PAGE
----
Science ideas for preschoolers – Part 2: Race through the dirt

Teach young children about the connection between surface water and groundwater with this simple activity.

This is the second in a series of articles on science activities about the natural world that anyone can conduct with preschoolers. (For part one, see "Science ideas for preschoolers.") These activities can be done within a family, in a day-care setting, as part of school activities or with any group working with preschool-aged children. This activity focuses on how the soil where we live affects water. Most preschoolers love asking questions, even if adults are annoyed by the answers. Those preschoolers are moving through the scientific method.

Simplified steps of the scientific method are:

  1. Ask a question.
  2. Make a guess at what the answer to the question will be.
  3. Conduct an experiment to check your guess.
  4. Figure out if your guess was correct.

Most of us learned the water cycle a long time ago: the heat of the sun causes water to evaporate. The water condenses to form clouds. Then precipitation in the form of rain or snow causes water to fall back to the earth, and the process repeats.

This leaves out a big portion of the water cycle. What happens when the water hits the surface of the earth? The simplified version that we were taught in school does not take into account soils. Here is a simple experiment you can conduct with minimal supplies:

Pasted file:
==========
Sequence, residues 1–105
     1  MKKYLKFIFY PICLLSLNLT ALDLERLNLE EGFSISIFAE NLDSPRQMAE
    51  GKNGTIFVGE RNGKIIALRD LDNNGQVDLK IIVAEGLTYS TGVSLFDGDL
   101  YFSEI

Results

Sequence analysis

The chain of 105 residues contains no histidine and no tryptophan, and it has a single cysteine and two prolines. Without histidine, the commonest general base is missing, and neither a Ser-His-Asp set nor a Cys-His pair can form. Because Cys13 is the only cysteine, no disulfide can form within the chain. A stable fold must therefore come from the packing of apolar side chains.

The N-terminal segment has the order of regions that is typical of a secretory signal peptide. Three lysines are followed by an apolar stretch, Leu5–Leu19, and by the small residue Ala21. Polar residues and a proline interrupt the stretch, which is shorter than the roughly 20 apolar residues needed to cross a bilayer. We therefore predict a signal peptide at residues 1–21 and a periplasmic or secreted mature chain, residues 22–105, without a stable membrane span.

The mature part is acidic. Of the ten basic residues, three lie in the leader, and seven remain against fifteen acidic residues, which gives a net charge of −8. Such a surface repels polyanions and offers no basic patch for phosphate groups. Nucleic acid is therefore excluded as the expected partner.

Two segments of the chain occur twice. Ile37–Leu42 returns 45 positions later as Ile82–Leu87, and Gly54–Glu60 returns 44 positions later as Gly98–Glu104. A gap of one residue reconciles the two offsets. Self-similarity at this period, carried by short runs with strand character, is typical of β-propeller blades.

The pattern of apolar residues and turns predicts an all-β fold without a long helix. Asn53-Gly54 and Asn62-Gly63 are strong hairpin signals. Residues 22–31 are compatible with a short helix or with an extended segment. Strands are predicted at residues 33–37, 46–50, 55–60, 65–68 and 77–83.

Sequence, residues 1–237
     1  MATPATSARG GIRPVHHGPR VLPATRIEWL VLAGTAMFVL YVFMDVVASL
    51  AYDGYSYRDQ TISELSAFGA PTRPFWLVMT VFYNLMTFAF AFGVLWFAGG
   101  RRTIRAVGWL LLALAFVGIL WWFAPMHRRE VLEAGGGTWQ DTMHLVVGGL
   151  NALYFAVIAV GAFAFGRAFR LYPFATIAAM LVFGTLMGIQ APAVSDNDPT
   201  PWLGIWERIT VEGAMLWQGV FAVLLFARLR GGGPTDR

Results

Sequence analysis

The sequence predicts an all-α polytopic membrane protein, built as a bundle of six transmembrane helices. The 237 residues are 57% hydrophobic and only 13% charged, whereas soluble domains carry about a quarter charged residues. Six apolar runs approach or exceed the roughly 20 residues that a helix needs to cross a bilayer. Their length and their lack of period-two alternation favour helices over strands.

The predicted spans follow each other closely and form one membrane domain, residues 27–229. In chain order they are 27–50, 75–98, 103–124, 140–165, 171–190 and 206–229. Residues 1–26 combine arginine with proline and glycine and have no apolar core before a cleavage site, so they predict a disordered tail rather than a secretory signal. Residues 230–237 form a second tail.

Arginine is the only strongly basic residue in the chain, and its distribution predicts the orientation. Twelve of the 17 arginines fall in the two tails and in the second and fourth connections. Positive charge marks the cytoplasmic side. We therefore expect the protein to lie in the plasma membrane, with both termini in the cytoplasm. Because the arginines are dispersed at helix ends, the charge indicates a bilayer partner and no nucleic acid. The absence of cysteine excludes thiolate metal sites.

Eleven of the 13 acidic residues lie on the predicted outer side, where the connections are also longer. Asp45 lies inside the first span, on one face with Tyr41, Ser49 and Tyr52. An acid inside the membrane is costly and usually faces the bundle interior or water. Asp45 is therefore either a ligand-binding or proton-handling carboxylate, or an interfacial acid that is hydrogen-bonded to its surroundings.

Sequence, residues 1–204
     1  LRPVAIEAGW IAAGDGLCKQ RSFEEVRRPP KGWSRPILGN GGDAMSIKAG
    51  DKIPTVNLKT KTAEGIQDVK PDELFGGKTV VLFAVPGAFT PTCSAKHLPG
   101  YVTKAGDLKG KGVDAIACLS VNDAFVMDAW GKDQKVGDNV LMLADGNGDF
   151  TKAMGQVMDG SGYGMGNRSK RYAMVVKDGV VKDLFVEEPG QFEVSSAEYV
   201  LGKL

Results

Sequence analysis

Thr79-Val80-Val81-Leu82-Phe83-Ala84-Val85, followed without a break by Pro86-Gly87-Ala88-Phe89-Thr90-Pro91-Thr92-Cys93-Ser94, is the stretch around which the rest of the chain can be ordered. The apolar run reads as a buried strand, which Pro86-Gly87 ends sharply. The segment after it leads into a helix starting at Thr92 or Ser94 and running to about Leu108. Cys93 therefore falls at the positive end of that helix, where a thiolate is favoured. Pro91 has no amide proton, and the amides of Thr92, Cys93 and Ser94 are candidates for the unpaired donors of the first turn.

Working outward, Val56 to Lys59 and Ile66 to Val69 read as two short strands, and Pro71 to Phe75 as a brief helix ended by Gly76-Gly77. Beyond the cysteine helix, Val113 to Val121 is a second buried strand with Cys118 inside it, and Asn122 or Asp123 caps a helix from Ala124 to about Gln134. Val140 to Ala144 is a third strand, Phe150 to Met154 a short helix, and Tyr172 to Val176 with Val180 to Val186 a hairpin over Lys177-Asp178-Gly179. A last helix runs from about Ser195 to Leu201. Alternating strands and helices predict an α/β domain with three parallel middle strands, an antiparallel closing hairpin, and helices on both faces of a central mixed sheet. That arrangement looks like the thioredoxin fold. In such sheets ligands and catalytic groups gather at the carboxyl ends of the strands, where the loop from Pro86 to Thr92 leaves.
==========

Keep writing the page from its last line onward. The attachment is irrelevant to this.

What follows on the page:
1. Start with three empty 2-liter pop bottles with their caps.
  2. Cut the bottom off the pop bottle.
  3. Put holes in the cap of the bottle with a small nail, and put the cap back on the bottle.
  4. Fill the bottles (from the cut out bottom) – fill one with gravel (pea gravel or other small stones), fill a second with sand and the last with clay (kitty litter is a good source of clay that many people have access to)
  5. Have a race! Have three children pour a glass of water through each of the “soil tubes” – and see who wins! Talk to the children about who they think will win before the race starts.

After the experiment, you can discuss with the children how it relates to the real world. When it rains, where does the water go if you have a clay soil versus a gravelly soil? If pollution is spilled on the ground, where will it go?

Hopefully this small experiment is something you can conduct with young children to get them interested and learning about science.

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